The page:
On Friday April 13, I had to call to see if I had jury duty. The recorded message stated that I had to report to the Orange County Courthouse in Goshen on Monday morning at 10am. Great I should know by Monday afternoon if I am picked for a jury and then I can plan the rest of my week. I had basically left my week open. I figured I may need to “tweak” the timing of errands with my mom or Wacky Wednesdays with the kids at church but no problem. Piece of cake.

The phone rang and I looked at the clock radio – 1:00 am. The voice on the phone asked for Ray and I said you have the wrong number. I got back in bed and my cell phone rang. I stumbled down the hall to answer it and the caller id said Northern Los Angeles,CA – weird but I answered. “This is dispatcher # whatever with Life Alert. May I speak to A.V.H” “Speaking” ” We have had a Life ALert activation from M.C. and have dispatched paramedics to her location” I call my mother and the police answer. My mom has fallen and they were transporting her to the hospital. I get dressed, wash my face, brush my teeth, shove the jury summons in my purse and drive the almost 30 miles to my childhood home. A phone call from my mom’s neighbor informs me she is at the emergency room with her. I thank her for being there and say I will be there in a few moments. I walk into the ER at around 2am.

My mom doesn’t know how she fell. Okay that is troublesome. “Mommy, why were you downstairs in the middle of the night.” She doesn’t know. Not good. After x-rays and a CAT scan, it is determined that she has broken her arm. The ER doctor wants her to be admitted for observation since she has a bump on her head and is confused. I am relieved that it is not worse. I am watching the clock because I have jury duty. I am not a big fan of hospitals. I never feel comfortable. I am always sure that I haven’t asked the right questions, or been concerned enough or seemed capable enough. It is like I am in a foreign country and I don’t know the language or the customs. I feel the same way about the court system so knowing I have jury duty is not helping. I leave the hospital around 5:30am so I can go home, take a shower, call my sister, and figure how am I going to get out of jury duty.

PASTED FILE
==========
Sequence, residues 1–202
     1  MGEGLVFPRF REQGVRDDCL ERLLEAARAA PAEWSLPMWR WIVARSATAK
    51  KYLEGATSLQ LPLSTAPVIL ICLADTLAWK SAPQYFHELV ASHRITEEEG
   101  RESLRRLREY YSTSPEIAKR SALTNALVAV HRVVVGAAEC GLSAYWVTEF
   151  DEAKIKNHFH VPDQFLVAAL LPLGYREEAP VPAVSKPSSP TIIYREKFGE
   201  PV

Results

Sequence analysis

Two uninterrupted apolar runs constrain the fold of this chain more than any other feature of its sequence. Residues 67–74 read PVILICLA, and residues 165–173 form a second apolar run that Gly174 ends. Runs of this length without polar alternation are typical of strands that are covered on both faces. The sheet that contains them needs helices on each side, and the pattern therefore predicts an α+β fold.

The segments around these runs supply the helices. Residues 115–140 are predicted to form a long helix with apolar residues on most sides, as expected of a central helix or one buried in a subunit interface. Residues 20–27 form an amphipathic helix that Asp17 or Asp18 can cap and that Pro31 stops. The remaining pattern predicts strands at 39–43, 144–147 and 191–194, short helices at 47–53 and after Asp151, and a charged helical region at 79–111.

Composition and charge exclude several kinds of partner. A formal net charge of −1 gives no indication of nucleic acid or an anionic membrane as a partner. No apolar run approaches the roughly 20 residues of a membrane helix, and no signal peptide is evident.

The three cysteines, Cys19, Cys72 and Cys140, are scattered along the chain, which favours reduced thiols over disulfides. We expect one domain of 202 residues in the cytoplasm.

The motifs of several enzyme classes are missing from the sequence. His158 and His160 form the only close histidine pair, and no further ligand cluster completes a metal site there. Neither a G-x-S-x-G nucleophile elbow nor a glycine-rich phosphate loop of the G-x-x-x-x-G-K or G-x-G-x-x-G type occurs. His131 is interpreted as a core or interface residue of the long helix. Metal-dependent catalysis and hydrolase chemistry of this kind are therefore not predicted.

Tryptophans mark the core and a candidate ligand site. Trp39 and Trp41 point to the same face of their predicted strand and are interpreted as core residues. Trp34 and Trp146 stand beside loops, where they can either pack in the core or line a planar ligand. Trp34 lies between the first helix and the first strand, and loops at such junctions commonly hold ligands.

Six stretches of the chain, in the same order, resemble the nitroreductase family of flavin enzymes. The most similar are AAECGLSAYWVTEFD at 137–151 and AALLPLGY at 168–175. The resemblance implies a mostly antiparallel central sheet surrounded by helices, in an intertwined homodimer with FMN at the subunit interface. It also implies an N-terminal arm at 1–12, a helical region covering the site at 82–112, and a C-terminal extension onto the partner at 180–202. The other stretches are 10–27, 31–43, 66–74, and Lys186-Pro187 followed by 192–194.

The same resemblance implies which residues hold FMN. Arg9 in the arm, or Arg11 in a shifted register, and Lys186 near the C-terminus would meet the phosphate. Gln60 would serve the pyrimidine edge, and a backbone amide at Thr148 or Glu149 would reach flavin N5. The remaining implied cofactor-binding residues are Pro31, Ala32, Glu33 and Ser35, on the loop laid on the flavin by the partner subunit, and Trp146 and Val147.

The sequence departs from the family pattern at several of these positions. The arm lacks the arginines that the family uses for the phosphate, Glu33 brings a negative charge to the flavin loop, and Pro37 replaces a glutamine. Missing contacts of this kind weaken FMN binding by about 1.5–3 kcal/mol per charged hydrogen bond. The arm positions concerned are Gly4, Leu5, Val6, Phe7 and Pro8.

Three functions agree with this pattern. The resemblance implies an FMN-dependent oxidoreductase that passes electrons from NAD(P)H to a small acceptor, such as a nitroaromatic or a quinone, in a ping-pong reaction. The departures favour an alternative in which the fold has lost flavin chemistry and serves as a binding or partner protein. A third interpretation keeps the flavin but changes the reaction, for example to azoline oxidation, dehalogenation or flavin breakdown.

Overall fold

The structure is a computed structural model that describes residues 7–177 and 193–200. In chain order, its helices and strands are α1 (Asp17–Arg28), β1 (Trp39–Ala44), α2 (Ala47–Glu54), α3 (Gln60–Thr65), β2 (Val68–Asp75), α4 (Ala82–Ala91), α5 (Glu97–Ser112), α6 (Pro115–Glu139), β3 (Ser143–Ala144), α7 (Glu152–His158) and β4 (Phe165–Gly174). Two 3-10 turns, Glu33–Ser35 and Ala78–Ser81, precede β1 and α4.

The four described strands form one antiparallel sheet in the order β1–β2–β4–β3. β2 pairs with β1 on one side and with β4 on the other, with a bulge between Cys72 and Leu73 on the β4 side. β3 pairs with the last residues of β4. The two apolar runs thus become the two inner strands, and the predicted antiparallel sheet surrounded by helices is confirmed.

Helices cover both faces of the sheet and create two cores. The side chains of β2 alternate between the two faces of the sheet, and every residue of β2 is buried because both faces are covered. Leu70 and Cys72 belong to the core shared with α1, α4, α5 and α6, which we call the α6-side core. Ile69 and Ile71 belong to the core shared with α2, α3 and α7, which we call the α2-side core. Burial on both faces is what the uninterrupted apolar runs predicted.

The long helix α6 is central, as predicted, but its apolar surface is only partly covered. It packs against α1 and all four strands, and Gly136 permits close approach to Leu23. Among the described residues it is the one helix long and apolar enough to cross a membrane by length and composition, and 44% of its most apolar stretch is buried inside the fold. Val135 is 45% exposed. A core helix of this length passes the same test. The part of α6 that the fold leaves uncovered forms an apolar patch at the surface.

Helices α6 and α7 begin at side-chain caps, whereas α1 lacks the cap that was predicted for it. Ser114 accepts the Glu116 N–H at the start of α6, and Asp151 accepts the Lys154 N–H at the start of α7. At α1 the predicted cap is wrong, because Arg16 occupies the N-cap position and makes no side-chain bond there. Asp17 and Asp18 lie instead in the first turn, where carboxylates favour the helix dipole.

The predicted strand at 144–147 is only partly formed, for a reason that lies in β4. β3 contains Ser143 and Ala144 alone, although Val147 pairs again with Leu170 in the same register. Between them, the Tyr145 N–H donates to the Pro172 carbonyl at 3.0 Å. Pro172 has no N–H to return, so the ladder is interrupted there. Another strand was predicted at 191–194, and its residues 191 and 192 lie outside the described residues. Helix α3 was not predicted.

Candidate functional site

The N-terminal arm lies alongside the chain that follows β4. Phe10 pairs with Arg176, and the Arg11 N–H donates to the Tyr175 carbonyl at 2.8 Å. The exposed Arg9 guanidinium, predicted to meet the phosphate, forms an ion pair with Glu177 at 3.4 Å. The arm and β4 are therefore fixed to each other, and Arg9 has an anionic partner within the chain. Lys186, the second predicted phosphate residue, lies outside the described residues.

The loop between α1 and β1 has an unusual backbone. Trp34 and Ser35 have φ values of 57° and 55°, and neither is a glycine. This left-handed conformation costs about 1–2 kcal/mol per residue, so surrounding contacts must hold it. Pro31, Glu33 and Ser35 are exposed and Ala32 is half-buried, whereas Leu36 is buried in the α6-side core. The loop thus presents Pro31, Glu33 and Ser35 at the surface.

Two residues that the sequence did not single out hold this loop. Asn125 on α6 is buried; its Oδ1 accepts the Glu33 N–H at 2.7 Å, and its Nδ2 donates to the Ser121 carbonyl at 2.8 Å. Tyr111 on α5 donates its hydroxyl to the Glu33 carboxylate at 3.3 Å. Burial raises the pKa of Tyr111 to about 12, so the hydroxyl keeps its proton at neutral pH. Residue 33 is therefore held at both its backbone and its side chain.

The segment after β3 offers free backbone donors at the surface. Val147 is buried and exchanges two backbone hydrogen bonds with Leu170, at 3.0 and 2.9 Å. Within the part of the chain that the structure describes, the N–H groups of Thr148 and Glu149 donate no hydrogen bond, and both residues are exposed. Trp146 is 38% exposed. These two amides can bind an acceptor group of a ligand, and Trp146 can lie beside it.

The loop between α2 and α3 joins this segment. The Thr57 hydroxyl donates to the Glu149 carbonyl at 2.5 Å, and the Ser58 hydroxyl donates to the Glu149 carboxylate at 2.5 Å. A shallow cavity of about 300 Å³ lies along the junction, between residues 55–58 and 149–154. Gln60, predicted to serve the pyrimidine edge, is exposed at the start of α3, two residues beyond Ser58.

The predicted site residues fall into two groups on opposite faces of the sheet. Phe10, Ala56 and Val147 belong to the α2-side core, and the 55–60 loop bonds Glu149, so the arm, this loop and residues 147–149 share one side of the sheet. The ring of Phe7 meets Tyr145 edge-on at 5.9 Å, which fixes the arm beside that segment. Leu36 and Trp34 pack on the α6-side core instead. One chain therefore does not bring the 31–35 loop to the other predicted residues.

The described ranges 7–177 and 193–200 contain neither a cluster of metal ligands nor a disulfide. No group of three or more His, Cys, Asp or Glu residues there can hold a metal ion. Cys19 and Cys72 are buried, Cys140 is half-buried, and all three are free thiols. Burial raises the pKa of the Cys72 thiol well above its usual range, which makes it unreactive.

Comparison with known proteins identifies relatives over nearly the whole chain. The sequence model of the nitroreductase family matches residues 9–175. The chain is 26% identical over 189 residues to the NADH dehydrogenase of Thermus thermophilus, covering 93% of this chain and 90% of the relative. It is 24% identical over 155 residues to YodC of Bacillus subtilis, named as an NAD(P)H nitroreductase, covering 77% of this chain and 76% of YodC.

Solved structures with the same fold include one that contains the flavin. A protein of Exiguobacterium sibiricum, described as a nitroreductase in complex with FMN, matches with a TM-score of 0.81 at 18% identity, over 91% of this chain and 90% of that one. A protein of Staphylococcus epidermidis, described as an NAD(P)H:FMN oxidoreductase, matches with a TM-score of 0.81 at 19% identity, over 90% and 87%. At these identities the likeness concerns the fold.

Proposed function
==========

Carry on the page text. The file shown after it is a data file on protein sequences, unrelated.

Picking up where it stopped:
I don’t want to be a “no-show”. I realize I have a civic duty and I am mindful that they could issue a bench warrant for not showing up. Plus my sister is a judge and she is running for a new position and it would look bad in the newspaper if I am a “no-show”. This is how my brain works probably from watching too many courtroom dramas and a vivid imagination. Long story short – I am excused from jury duty because of my family emergency. They will postpone my service. My sister is impressed that I went. She comments “that most people would have been no shows” I share my bench warrant fear – not likely she says. I mention about not wanting to do anything that would look bad in the newspaper she thanks me and chuckles.

I learned a few of things during my “not an ordinary week”:

  • God is always in control. A friend emails me that she thought she saw me driving over the mountain around 6am as she was driving to work. She figured that wasn’t good so she prayed for me, my mom and my dad (he is in a nursing home).
  • The sweetest sound in the hospital are the chimes signaling a baby has been born.
  • Telling someone your name and offering to open their water bottle one day may lead to the privilege of praying for them the next day.
  • Saying thank you to the people who are caring for your loved one makes you grateful and them smile.
  • A china tea-cup,a beanie baby, a wash cloth and towel can make someone feel safe and cared for.
  • Just being there is the most important thing.

My mom spent 4 days in the hospital. She is now at a sub acute rehab facility. The problem is she walks with a walker and now has one useable arm. Next week will probably not be an ordinary week either and that’s okay because this week I heard the chimes of new life, I was humbled to pray with an elderly woman and I was reminded of God’s faithfulness.